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Technical Analysis in Forex Trading

Technical analysis helps you identify and capitalize upon the trends in the forex market. As you get gradually involved in forex trading, you will get to hear more and more of technical analysis in forex trading.

What is technical analysis in forex trading and how does it work?

The fundamental concept behind technical analysis is really very simple. Firstly, technical analysis uses certain tools, which are called as technical indicators. These technical indicators collect historical prices pertaining to different currency pairs. What does this mean? It just means that data pertaining to different currency pairs that is already available from prior trading information is first collected. This is what saying “technical indicators collect historical prices” meant. Next, this historical price data is fed into various mathematical algorithms, which outputs the most likely current price values. In other words, technical analysis uses mathematical algorithms basing their input of historical price data. So generally speaking, technical analysis uses previous quotes to arrive at a prognosis of coming prices. Got the point?

Examples of technical indicators:

Going into the technical aspects of various technical indicators would be beyond the scope of this article. Nevertheless it would be important to know something about these indicators, which you are likely to encounter in most technical analysis. At the least you must know how these indicators could be put to use. Here are some examples of technical indicators, in relation to how they could be interpreted in your forex trading strategy.
Moving Averages~ A simple moving average could be interpreted thus. When currency price rises above its moving average, it’s signal to buy. A sell signal is generated when price of the currency falls below its moving average.
Moving Average Convergence/Divergence (MACD)~ It’s buy signal when MACD rises above signal line, and sell signal comes into play when MACD is falling below signal line.
Volume~ High volume is indicative of the beginning of a new trend, and is usually present near the bottom of a market, and low volume shows that forex investors at that moment were not very decisive.
Bollinger Bands~ Generally a move that originates at one band tends to go on to the other band. Currency prices tend to stay mostly within the upper and lower band. If prices move outside the bands, current trend will likely continue.
Volatility~ If the volatility decreases over a long period of time, it just means that the top of the market is being reached. If there is high volatility over a shorter time frame it means that it was nearing the bottom of the market.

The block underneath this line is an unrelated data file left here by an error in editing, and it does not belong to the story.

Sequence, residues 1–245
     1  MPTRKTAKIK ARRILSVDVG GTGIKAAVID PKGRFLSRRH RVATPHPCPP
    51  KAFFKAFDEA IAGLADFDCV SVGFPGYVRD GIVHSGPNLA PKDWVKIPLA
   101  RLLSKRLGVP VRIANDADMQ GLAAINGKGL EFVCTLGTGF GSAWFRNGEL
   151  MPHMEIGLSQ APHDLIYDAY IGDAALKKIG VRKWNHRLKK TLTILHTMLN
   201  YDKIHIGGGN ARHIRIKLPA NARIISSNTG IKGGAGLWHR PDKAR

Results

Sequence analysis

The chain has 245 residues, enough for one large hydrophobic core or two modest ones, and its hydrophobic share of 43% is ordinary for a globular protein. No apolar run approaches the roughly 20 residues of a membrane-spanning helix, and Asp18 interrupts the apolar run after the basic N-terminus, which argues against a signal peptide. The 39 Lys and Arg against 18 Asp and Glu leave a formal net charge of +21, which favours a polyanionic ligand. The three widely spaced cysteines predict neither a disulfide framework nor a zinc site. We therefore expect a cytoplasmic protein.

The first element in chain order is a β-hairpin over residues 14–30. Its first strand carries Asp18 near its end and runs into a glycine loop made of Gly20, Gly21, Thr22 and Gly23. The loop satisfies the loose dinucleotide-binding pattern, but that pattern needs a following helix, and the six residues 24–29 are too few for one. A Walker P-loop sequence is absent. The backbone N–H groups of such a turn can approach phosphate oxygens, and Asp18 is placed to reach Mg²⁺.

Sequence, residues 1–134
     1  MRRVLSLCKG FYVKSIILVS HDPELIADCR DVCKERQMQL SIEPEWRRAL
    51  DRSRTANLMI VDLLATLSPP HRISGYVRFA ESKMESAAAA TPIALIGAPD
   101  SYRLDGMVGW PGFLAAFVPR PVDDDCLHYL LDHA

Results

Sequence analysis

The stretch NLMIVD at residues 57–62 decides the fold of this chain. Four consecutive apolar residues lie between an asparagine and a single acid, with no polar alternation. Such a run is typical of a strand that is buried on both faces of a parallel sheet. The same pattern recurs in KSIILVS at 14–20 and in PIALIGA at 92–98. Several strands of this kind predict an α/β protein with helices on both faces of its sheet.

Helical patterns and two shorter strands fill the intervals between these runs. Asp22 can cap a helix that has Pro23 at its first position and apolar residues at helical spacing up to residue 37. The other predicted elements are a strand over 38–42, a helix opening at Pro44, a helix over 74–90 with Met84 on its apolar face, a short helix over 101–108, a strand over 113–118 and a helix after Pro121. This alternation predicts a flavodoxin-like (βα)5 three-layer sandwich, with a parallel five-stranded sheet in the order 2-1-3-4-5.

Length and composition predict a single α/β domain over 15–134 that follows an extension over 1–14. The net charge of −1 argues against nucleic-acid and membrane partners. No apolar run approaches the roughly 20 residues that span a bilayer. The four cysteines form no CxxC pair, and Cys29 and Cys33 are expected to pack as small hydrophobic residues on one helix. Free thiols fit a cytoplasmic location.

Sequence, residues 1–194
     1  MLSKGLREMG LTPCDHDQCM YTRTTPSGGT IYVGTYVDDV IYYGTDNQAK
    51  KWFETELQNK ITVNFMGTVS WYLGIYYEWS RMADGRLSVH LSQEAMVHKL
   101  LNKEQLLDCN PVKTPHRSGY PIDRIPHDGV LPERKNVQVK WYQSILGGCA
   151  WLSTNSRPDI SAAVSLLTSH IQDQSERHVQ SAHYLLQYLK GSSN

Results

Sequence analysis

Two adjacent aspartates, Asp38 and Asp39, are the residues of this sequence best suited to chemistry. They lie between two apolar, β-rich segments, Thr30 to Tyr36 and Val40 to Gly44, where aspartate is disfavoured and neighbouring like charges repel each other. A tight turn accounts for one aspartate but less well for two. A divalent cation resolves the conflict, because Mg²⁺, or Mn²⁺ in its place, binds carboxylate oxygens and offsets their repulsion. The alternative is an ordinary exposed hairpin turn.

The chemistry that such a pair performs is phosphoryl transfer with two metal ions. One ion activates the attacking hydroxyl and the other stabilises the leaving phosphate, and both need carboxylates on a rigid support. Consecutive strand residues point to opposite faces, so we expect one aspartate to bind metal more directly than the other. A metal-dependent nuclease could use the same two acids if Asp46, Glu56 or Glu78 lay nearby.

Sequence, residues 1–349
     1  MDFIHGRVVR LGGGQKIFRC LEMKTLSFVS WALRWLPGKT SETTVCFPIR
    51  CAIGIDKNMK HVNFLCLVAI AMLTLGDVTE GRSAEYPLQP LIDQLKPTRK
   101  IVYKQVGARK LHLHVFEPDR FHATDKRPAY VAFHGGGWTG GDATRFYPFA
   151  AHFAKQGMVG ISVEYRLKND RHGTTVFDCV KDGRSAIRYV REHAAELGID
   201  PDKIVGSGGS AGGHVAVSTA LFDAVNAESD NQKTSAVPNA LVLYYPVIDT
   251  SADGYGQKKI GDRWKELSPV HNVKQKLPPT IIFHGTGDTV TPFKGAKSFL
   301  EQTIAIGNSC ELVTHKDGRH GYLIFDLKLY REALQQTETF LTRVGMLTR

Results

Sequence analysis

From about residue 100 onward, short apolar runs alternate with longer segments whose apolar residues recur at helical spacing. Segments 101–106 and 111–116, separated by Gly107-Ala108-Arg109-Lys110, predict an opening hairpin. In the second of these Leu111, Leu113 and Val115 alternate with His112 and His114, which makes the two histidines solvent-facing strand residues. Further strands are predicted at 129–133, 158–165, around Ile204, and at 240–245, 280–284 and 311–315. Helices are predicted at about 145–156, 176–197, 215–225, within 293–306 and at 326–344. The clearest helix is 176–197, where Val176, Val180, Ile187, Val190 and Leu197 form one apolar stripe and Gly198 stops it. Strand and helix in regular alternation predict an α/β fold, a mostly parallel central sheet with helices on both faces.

Momentum~ When momentum bottoms down and then turns up, it is time for buy signal. When momentum peaks up and then turns down it is time for sell signal. If there were extremely high values for this indicator, it simply means that that the trend would probably go further.
Stochastic Oscillator~ The following formula is used to calculate this indicator.

%K = 100[(C - L14)/(H14 - L14)]
C = the most recent closing price of the currency.
L14 = low of the 14 previous trading sessions.
H14 = highest price traded during the same 14-day period.

%D = 3-period moving average of %K
When the values are calculated and set out on a graph it appears as two distinct lines. it is then called the “Stochastic Oscillator”. The main line is called “%K.” and is usually displayed as a solid line (black in color) and the second line called %D is displayed as dotted line (sometimes displayed red in color).
Buy when %K (black line) or %D (red line) is below 20. Sell when %K or % D rises above 80 levels. Also buy when %K is crossing %D in an upward direction and sell when %K crosses %D in a downward direction.
Relative Strength Index (RSI)~ Currency overbought situation is indicated by RSI value above 70, so the price is likely to fall down. Currency oversold situation is indicated by RSI value below 30,so trend could reverse and price could pick up.

Technical analysis suits almost all small and medium players in forex markets. What you have to be careful about is the fact that, technical analysis presupposes that all possible fluctuations in the market are included in the price chain. This can often turn out to be a fallacious argument if for example some economic or political event occurs that shakes up the market. So you have to be cautious on this point.

Which is better, technical or fundamental analysis?

The point is if you use technical analysis or fundamental analysis in isolation to one another, you get to see only one half of the big picture. That could lead you to a crisis situation. For example, imagine for a moment that as per your technical analysis the dollar was to likely to surge and you surely want to get in early. All your technical indicators were pointing in that direction, and so you straightaway go in and place a trade. Then you wait for the dollar surge to happen, but to your dismay the dollar price falls. What could have gone wrong? Soon enough you discover that just released Non-farm payroll data was lower than expected. That was the cause of the dollar not surging upwards in accordance with the technical analysis prognosis. So never look at either technical or fundamental analysis in isolation. On the contrary, combine the two and you could be a winner.

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